Table of Contents
Scanning and using your own plug-ins
Before you can use any of your own plug-ins with Unify, they must be registered in Unify's plug-in database. You can register plug-ins individually, or you can have Unify scan your system for available plug-ins.
Registering individual plug-ins
You don't have to run a full scan for plug-ins.
You can register plug-ins individually in one of two ways:
- Locate the plug-in file and drag/drop its icon into Unify's plug-ins view
- Click the “Operations…” button at the bottom-left, and choose “Select plug-in(s) to scan”
- A standard open-file dialog will appear
- Locate and select the plug-in you want to register, and click “Open”
Scanning your system for plug-ins
You can also have Unify scan your system for available plug-ins. Note that when when scanning for plug-ins, Unify actually has to try to load each one. This will certainly trigger any copy-protection mechanisms it uses, and in some cases, may even cause Unify to crash. We therefore recommend the following “pro tips”.
Pro tips for scanning
- Scan using the stand-alone Unify app, not in your DAW.
- Avoid scanning your entire system if you can. It's perfectly OK to scan just one or a few folders at a time, and you can always come back another day to scan some more.
- Stay near your computer, so you can be ready to deal with e.g. pop-up authorization dialogs.
- Plug in any copy-protection dongles you have before scanning.
To scan your system for available plug-ins, begin by clicking the “Operations…” button at the bottom-left corner of the plug-ins view. This opens a small menu with several options, most of which are self-explanatory. The scan options are at the bottom:
Note the above screenshot was captured on a Windows system, which only supports VST and VST3 plug-ins. On a Mac, you would see a third option to scan for Audio Unit plug-ins.
Select the appropriate menu option for whichever plug-in format you want to scan for. If you choose to scan for Audio Unit plug-ins (on a Mac), the scan will begin right away. If you choose to scan VST or VST3 plug-ins, a dialog similar to the following will appear, asking you to choose which folders to look in:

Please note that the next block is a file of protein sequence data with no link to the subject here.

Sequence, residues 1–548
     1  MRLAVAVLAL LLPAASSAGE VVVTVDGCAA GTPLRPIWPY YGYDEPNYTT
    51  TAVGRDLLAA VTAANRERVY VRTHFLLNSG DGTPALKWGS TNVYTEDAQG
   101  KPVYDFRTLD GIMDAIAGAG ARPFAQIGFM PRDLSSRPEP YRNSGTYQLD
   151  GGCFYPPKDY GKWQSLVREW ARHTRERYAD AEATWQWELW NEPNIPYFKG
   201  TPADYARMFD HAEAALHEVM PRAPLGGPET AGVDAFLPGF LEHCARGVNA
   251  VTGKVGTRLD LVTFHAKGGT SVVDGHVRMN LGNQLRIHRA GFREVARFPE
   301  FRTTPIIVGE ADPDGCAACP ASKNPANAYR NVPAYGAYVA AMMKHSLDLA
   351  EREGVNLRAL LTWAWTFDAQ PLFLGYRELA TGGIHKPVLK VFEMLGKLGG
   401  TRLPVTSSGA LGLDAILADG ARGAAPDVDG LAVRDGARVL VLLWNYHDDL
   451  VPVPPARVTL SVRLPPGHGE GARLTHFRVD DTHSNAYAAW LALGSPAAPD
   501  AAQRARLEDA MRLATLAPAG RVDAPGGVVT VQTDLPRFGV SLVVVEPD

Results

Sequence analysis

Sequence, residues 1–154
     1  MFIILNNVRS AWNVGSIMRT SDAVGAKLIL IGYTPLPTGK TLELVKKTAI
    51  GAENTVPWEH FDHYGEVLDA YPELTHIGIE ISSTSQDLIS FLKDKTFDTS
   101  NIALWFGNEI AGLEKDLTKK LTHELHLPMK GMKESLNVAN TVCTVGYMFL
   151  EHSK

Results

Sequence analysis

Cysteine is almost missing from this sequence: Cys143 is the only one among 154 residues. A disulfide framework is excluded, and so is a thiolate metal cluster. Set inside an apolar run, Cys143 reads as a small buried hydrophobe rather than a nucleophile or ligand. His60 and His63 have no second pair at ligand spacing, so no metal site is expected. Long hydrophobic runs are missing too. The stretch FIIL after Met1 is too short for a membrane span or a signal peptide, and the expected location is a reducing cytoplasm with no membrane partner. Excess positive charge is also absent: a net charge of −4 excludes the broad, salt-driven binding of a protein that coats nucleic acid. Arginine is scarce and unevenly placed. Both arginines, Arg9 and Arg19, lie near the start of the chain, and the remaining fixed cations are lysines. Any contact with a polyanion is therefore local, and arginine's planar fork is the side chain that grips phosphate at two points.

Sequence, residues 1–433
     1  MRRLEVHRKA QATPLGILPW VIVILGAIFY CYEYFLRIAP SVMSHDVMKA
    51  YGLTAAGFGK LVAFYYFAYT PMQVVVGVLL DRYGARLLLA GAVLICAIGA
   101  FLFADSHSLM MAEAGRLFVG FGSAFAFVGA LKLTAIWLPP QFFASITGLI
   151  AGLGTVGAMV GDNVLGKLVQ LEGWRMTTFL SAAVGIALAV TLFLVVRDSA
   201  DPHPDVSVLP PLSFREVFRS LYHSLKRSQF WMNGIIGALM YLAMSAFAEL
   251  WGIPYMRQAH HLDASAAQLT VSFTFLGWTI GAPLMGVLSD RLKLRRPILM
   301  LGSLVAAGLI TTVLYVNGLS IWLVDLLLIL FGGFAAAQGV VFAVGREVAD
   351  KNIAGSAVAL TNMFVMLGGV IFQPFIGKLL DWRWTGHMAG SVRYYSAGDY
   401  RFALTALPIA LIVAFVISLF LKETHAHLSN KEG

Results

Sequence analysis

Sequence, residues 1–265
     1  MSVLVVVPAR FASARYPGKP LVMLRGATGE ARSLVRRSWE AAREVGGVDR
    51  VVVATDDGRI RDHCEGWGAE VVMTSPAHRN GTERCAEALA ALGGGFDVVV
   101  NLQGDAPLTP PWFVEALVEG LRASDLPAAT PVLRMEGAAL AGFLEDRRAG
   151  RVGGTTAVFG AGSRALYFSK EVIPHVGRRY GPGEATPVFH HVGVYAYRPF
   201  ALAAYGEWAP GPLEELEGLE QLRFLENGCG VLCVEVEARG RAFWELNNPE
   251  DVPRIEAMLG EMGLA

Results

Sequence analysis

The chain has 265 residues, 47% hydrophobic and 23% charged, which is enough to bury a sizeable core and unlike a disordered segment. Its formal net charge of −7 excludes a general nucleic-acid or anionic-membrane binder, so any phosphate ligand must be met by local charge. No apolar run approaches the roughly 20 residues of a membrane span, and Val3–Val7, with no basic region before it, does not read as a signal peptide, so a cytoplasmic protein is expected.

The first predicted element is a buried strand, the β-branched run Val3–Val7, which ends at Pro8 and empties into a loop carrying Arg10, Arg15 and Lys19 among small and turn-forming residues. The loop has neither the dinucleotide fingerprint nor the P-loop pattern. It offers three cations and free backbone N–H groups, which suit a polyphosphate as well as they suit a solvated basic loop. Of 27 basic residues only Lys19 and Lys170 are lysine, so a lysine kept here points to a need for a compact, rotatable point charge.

The VST and VST3 standards do not specify exactly where plug-ins ought to be located, and many systems (especially Windows systems) may use quite a few different plug-in folders. It's up to you to know where these are, and how to specify the paths to them, just as you do for working with plug-ins in your DAW.
The “+” button at the bottom-left allows you to add another path to the list. You can click any path in the list to select it, and either use the “-” button to remove it or the “Change…” button to change the path. (Once you have selected any path in the list, you can use the arrow buttons to move it up or down and thus change the order in which the folders are scanned.)
VST/VST3 plug-ins are often stored in nested structures of folders, e.g., on a Windows system, you might have most plug-ins in, say, C:\Program Files\Common Files\VST2, which also contains a sub-folder called Plogue Art et Technologie, Inc, containing all of that company's plug-ins. If you select the top-level folder, Unify will scan into the sub-folder(s) as well, but you could also specify just the path to the sub-folder instead, and Unify would not attempt to scan all the others.